‘It’s almost like a double challenge’: Homeless shelters preparing for winter with COVID-19

WINNIPEG — The temperature is dropping in Winnipeg, and for people experiencing homelessness, it’s a challenging time of year.

Drop-in/overnight Shelters like Main Street Project are working hard to keep people safe.

Director of Development, Anastasia Ziprick said the cold isn’t the only hurdle going into this season.

“The winter is always a challenge for this community and the second wave is presenting another challenge, so it’s almost like a double challenge,” said Ziprick.

Ziprick said when the pandemic first hit, the Main Street Project expanded into a loaned space on Desraeli Freeway to provide adequate distance between people.

She said it continues to analyze what’s best for the population.

“Capacity is always a topic of conversation,” said Ziprick. “It was in April and it continues to be now as the numbers increase for people accessing our services and people that need access to isolation space.”

On Monday, Chief Nursing Officer Lanette Siragusa spoke about the MSP’s isolation centre, and the high volume it’s seeing.

“There are currently 27 people isolating at that site right now, and their occupancy is 95 per cent, and the total number of people who have used the site since opening in April is 404,” said Siragusa.

Siloam Mission said when the pandemic first hit they had to shut down some of their programming in order to keep the community safe.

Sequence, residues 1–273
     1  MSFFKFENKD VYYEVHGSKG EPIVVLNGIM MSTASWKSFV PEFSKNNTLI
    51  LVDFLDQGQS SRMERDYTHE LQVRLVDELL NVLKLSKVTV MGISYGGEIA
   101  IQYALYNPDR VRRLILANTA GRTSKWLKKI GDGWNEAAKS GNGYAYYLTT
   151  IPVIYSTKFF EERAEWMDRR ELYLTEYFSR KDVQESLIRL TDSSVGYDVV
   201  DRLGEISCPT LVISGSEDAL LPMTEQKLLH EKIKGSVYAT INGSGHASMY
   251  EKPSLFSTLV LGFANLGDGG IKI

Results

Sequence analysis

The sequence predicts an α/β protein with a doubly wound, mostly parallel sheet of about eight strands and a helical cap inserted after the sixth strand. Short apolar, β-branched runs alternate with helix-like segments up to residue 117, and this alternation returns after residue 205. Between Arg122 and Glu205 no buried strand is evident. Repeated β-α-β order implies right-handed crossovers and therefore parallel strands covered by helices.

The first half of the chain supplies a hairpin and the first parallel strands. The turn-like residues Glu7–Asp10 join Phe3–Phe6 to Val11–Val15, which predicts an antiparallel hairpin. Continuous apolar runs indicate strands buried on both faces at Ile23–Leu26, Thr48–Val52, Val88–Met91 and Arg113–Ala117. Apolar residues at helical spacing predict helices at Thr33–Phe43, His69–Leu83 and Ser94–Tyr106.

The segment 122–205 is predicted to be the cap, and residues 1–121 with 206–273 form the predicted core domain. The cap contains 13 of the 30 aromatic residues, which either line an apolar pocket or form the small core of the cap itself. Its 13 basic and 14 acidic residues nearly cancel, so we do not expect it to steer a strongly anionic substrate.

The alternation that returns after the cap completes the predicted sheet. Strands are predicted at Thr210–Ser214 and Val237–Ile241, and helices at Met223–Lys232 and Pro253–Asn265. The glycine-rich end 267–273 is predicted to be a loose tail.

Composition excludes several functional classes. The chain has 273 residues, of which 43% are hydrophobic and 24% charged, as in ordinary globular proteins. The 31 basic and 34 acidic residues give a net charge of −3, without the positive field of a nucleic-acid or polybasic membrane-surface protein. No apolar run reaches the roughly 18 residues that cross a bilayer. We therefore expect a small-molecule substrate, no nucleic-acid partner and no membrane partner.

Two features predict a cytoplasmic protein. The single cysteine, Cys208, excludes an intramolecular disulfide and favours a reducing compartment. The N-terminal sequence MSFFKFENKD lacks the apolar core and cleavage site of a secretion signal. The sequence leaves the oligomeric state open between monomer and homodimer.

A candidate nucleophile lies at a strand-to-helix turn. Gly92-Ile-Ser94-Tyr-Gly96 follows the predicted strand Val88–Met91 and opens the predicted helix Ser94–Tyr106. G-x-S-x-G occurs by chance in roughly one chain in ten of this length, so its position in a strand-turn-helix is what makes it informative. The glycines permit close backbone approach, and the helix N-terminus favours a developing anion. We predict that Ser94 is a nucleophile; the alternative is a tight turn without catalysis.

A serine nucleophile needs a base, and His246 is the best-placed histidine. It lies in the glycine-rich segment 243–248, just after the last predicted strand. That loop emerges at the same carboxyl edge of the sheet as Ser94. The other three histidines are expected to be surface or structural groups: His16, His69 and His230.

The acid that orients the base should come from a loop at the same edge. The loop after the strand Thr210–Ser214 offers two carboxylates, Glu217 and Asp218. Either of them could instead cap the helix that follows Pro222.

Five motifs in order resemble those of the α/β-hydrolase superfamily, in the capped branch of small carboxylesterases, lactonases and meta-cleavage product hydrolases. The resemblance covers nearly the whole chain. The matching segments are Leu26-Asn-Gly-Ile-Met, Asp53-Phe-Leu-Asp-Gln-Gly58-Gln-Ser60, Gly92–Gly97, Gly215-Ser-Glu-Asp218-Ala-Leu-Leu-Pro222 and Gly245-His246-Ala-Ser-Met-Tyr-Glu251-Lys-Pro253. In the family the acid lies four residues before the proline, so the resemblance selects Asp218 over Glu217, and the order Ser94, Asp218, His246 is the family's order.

Director of Development, Kathy Neal said COVID-19 will impact how many people they can keep warm in the winter months.

“Because of the pandemic we’re only able to have people in the drop-in who are either staying in our shelter or in one of our programs,” said Neal.

“So we’re not able to invite the whole community in like we would normally speaking.”

She said instead of inviting people in to eat, Siloam’s been handing out bagged meals to keep everyone safe, while still providing some services.

Ziprick said Main Street Project’s outreach van patrol will run all winter to support people unsheltered or living in encampments.

They’ll also provide transportation to COVID testing, and if needed the isolation space.

“We’re confident that the community knows we’re a safe place to go,” said Ziprick. “Whether it’s from the cold or any COVID related symptoms, or the two, we’ll make sure people get the services they need.”

Main Street Project and Siloam Mission are reminding people donations of food and clothing can still be dropped off during the pandemic.

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